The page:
Tuesday, May 26, 2020

Shawn Pittman ~~ Make It Right!

Somewhere in the back of my addled brain, the name Shawn Pittman rings a bell. But a man who has released a dozen albums since the 1990’s better ring a bell. I only had one of those previous albums in my library (1998’s Burnin’ Up), but it’s a good one, so I became interested to hear what he was doing now.
His new album, Make It Right! released in early March on Continental Blue Heaven, and I wish I had given it a listen earlier. He’s put together a power trio of Shawn Pittman on guitar and vocals; Erkan Özdimer on bass; and Levent Özdimer on drums. Like many trios, there’s a stripping down of the sound to its most basic elements.
I don’t have much information about the CD in front of me, so what you’ll be reading is my unvarnished take on it while listening to it for the first time. Pay the price, take the ride…
Done Tole You So starts the album with a nice gritty beat (I must confess that I do love a down and dirty sound) that relies on the Özdimers to set the mood while Pittman provides the vocals and rhythm guitar, but waits to unleash his guitar. The song is heavy and makes for a great opening.
After that, they slow down for the next song, Finger On The Trigger. This song gives Pittman a chance to show some pyrotechnics on the guitar. His vocals seem like they’re a little more processed, not as gritty as the previous song. It’s good, I could play it on Time For The Blues, but I really want to see what else he’s got up his sleeve.
They follow up with the title track, Make It Right. The drums get a good workout on this song as it has a driving beat. Again, Pittman’s vocals seem processed, but his guitar cuts through the song and makes the song.
Even though the title reminds us of James Brown, I Feel Good is its own song. This one is grittier, a song delivered by a simple rhythm and the sounds of a vocalist who is cutting through the poetry some lyrics contain. This one lays it out and the music is infectious.
There Will Be A Day rocks old school. I could hear this one on just about any Chicago bandstand anytime day or night. This is a great song, and the trio is in rare form. I would play this and get requests for an encore! Pittman is in good voice and plays a mean guitar.
The follow up with the slow blues burn How Long?. Now this is the one-two punch I’ve been waiting for. No offense to the first four songs, they were good, but this one and the preceding song are great! The guitar and vocals are in top form, as Pittman reaches deep into his soul to pull the emotion out. I think I’ll be playing both of these songs post haste.
The follow up song, For Right Now, is a little more light rock than blues, but a guy has to experiment. It’s a good song, it just doesn’t elicit the same emotion the previous two songs did. If you like some Americana or rock with your blues, this is a good one. They quicken the pace with Cold Sweat and this is much more my speed. It’s an instrumental that showcases Pittman’s guitar and it definitely has that Chicago feel. Many bands in the Windy City like to start and end sets with an instrumental, and this number would be right at home in either spot.
Serious speed kicks off Woke Up Screaming, it’s got that psychobilly feel, but the guys reign it in and it becomes a mid-tempo number with some crooning vocals. This is a fun song that I will enjoy sharing with my audience and maybe it will even end up on my personal playlist. I love the twang in Pittman’s guitar on this song.
No, it’s not from Frozen. Let It Go has a Jimmy Reed feel to it. It’s a good shuffle, and it seems like the vocals are processed some. I really do prefer Pittman’s voice natural, and I may be wrong about describing it as I have. It could be my speakers, but his natural voice has more power, but that’s just my take.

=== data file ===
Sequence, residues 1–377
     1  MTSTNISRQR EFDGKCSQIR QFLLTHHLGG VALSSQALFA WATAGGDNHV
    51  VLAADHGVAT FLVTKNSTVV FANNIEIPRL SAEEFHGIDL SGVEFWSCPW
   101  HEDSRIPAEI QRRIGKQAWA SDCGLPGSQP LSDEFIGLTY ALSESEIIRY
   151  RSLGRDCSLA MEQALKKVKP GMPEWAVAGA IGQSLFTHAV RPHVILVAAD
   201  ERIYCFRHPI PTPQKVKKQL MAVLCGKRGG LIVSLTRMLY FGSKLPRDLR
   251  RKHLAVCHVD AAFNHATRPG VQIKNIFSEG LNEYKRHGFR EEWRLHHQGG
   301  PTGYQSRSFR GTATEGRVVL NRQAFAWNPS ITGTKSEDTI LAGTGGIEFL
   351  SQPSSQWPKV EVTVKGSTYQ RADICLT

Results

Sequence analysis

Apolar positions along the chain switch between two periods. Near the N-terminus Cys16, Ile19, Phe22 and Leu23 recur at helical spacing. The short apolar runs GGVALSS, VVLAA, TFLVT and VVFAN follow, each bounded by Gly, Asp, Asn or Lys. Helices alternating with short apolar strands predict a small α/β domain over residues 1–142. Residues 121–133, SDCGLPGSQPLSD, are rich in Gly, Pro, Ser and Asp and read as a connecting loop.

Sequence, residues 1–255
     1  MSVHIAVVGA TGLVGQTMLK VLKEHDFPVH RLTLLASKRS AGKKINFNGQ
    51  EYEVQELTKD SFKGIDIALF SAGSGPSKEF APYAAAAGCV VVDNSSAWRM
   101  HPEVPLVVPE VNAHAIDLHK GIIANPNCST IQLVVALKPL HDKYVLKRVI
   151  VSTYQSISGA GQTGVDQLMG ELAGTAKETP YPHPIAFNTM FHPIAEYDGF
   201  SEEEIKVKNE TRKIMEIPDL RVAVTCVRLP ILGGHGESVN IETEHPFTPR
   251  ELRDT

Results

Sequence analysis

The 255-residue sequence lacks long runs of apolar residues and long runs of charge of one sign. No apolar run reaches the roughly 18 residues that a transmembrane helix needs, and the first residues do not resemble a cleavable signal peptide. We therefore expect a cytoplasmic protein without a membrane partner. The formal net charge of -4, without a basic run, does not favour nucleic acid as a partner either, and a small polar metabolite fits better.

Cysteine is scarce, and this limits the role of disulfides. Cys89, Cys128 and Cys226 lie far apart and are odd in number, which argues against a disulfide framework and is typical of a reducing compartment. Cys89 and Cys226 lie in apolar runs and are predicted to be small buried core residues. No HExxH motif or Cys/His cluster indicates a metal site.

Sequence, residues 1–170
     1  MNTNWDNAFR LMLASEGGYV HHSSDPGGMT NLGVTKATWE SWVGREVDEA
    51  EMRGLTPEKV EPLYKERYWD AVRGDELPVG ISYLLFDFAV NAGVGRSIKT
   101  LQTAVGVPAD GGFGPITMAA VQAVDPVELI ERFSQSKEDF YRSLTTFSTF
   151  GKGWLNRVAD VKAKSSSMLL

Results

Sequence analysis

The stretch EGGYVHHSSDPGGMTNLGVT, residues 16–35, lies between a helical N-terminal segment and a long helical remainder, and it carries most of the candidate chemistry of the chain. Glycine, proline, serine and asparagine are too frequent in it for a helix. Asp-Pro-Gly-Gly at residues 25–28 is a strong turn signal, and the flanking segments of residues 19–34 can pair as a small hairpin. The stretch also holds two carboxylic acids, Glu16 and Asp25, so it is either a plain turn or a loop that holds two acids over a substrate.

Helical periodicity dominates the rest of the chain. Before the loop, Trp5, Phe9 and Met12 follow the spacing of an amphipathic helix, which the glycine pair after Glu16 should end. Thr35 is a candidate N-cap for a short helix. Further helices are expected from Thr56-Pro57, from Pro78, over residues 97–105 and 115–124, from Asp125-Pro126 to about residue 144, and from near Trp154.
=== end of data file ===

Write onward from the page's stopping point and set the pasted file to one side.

Fair Weather Friends kicks off with some swampy delta sounds. His guitar answers his vocals in a call and response style. It’s a slower paced song but the vocals back a punch. The drop some heavy rocking on the final song, I’m Done. It’s the shortest song on the album but a ton of fun and pairs nicely with the previous song.
Shawn Pittman is a multi-instrumentalist with enormous talent. This latest disc has something for just about every taste and if this is the album that opens the door to exploring all of his other works, then kick that door down and let’s all check out his catalog.  
You can check out Make It Right! and all of his other CDs and tour information (that is, when artists can tour again) on his website

Friday, May 15, 2020

Time For The Blues ~~ May 16, 2020

I don’t know about you, but thanks to this Covid 19 situation, neither Henry nor I really know what day it is sometimes. The only thing I do know is that we are bringing you the latest installment of our long running musical comedy effort, Time For The Blues, this Saturday night, May 16 at 10 o’clock. We’ll be in our usual spot, VPM-Music or VPM.org, and we hope you will join us for a fast-paced hour of great blues. 
This is going to be our most unusual show to date as we are adhering to VPM-Music’s rules (I know that’s a shock to some of you – us too) of not having more than one person in a room at any given time. For us, that means that Henry is in one studio and I am in a different studio. We have no way to read what the other person is up to (not that we’ve ever been that good at figuring out what the other person was doing).
At least we’ve got some great music to share with you. We’re featuring music from our friends the Nick Moss Band featuring Dennis Gruenling as well as Virginia’s first IBC Winner, Moonshine Society. 
Let’s start off with Nick Moss and Company. We’ve been listening to Moss’ work for several years and this is the second album he’s released with harmonica virtuoso Dennis Gruenling by his side. Either of these men by themselves are excellent performers, but together they are unstoppable. This latest album, Lucky Guy!, took home three Blues Music Awards this year: Band Of The Year, Song of the Year (Lucky Guy!), and Traditional Blues Album Of The Year. 
You’ll hear three tracks from this great Alligator release including the award-winning title track plus one from their previous album. Caught these guys at the Tin Pan back when we could go to shows, and trust me, these guys rock. Had a chance to talk with Dennis about music, harmonicas, radio, and fashion tips. Don’t miss these guys any chance you get to hear them play.